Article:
Upgraded iPod Touch to iOS 5

Many have written about the new software for the iPod Touch, iPhone, and iPad, iOS 5. I am writing this short blog entry, just to report my experience.

Downloading iTunes 10.5 and iOS 5 were quick and painless. The installation was not so quick and was, while painless, a bit disconcerting.

The slow part was mostly due to Apple’s thoroughness, so one shouldn’t complain. Backup, reset to factory settings, before dating the hand-held, all take time, and before you do this, you want to do your own backup of media.

When it finally got to the iPod update, iTunes claimed that the iPod Touch was over capacity… by 22 G. iTunes did not stop, and having heard of this from others in the Internet, I ignored the warning.

Eventually it settled down, and the capacity settled down to something reasonable. iTunes noted that there were a bunch of updated apps, I assumed to work with the new version of iOS. iTunes went through the usual steps in the “sync” process, but seemed to hang on the last step. It claimed it was synching the album artwork, and waiting for the items to copy. One hour… two… Some have waited all night. Not me.

I ejected the iPod Touch from iTunes, have no problems, even though it still gets hung at the last step.

I like the new system with its changes.


Using Readabiliy and Evernote to capture items from the web

These two tools are excellent. I use Evernote to takes notes in my classes at school and to capture things I don’t want to forget. I wrote about Evernote before, in this entry. This is the routine I use to capture papers or articles from web pages to read on any device, including my “hand held,” no matter what size the screen. I want to demonstrate how I use them in tandem. This assumes you have Evernote and Readability accounts, and have installed Evernote and Readability in your browser.
  1. Find an article I want to save, e.g., .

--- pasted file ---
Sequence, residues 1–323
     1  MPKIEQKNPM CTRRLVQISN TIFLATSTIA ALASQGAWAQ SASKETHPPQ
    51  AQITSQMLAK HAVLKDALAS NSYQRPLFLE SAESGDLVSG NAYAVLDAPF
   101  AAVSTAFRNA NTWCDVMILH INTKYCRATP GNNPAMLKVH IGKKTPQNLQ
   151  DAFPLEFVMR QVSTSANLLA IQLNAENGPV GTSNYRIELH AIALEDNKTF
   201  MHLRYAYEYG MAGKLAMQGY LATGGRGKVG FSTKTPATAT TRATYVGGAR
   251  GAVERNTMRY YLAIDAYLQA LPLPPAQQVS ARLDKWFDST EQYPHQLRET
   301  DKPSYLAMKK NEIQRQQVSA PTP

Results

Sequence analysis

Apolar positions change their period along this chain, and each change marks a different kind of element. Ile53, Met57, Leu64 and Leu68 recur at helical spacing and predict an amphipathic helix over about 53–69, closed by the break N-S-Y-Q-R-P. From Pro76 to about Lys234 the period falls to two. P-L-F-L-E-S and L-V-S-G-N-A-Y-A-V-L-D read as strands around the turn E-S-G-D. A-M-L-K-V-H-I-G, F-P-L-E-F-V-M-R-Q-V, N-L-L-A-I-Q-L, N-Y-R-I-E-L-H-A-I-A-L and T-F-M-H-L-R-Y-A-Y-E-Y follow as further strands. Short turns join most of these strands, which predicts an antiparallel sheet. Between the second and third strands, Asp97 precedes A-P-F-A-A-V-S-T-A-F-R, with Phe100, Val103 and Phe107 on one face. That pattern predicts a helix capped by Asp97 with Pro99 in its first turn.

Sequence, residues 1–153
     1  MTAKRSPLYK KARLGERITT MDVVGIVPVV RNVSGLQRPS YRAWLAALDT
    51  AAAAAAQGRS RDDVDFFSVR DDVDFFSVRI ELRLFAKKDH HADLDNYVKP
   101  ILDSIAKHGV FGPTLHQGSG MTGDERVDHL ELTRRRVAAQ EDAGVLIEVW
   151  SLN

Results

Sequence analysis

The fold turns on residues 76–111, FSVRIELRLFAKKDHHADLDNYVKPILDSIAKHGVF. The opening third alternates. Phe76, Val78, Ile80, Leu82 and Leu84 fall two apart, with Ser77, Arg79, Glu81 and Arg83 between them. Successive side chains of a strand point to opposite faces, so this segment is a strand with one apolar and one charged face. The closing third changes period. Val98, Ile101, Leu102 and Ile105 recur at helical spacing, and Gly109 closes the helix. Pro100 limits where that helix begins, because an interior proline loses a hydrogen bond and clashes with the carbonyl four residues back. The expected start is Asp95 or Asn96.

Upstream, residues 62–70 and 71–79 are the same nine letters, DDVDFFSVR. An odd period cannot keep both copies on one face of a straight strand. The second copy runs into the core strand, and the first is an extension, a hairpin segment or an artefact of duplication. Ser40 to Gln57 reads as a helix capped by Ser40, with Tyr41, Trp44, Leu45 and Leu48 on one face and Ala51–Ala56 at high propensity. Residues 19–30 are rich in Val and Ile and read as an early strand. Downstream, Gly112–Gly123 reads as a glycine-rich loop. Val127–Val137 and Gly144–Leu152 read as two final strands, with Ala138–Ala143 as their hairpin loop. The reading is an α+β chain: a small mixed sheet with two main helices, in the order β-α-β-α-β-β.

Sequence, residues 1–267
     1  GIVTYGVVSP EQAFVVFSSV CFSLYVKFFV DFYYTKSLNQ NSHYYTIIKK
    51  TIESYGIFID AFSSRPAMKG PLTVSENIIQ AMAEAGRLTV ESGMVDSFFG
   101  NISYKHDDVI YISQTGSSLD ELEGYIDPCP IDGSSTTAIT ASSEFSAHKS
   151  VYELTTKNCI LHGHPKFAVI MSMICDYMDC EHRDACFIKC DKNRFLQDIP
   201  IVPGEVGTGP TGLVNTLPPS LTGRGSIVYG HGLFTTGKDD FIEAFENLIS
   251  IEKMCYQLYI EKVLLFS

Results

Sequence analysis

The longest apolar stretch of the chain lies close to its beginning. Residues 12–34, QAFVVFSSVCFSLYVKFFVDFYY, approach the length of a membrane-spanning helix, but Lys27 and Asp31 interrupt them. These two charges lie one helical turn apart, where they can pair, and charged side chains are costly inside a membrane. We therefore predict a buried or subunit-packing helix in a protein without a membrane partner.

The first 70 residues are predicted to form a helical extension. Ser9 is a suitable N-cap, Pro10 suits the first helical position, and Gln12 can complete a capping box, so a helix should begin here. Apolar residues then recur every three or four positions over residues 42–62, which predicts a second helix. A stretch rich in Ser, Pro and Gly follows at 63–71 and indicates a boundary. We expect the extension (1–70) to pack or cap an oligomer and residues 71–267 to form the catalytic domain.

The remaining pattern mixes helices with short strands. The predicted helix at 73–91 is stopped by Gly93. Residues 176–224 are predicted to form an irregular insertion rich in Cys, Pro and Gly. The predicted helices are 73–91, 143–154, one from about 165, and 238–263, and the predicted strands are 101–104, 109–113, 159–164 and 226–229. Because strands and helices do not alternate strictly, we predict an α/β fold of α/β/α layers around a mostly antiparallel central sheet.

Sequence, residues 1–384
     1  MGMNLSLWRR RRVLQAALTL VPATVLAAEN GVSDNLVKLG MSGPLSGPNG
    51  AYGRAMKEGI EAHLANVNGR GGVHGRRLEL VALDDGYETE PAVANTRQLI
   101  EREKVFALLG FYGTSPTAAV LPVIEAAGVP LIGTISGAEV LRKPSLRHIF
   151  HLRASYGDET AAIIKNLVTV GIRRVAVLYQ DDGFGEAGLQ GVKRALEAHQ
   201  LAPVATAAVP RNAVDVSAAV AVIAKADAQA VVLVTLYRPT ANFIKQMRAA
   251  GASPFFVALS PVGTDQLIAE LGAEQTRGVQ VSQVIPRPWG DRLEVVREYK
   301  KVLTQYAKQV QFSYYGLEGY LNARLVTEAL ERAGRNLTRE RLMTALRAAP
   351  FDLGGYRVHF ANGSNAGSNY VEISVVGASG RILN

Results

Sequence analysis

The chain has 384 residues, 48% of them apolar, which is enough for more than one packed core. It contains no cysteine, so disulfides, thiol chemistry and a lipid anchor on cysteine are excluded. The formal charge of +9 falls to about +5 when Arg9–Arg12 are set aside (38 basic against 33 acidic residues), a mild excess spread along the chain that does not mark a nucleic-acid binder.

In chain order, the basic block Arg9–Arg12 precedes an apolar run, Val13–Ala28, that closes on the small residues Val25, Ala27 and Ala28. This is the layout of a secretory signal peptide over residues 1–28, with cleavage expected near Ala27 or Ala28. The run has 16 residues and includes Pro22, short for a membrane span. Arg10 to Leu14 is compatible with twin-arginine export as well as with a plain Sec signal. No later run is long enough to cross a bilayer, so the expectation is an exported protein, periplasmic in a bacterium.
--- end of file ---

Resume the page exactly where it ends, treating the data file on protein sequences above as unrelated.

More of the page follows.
2. Click on your keyboard’s “right single quote” button (’) for the Readability
    bookmarklet. The page you are on will be converted to a more readable

  3. Send the “readable” page to Evernote by clicking on the Evernote icon
    on your browser.

    That action will bring up an Evernote quicknote
    You can see I selected “Clip full page” and “Save page URL.” This window also allows one to add tags and select the notebook. (If you are not logged into Evernote, you will have an opportunity
    to do that.)

Over on Evernote on the computer, we see the saved page.

On the handheld in Evernote, the articles are indeed readable.

Reading this, it might seem like there are a lot of steps. There are
only 3 when you find a page you want to save: click on readability; click on Evernote; and click to save to Evernote.


CrashPlan saves me yet again.

I needed a file I deleted a month or so ago, for my clinical class. It was of a session with a client, but I decided not to use it and, so, I deleted it. After all, it was 3 GB. It’s just that now, I wanted to do a “before and after” thing. (The client had done a tremendous amount of good work.)

I looked in Time Machine. It was not there. Maybe TM cleaned things up. Maybe I have something set to delete files so the backup drive doesn’t fill up too fast. I tried Crashplan. I put in the search string “.MP4.” It found some, but not the one I needed. Bummer!! Oh. Wait. “Display deleted files.” Check. Try again. BINGO! Brilliant.

I have CrashPlan Family Unlimited. Like getting a “replacement” policy for fire insurance, when you need it you’ll be glad you did.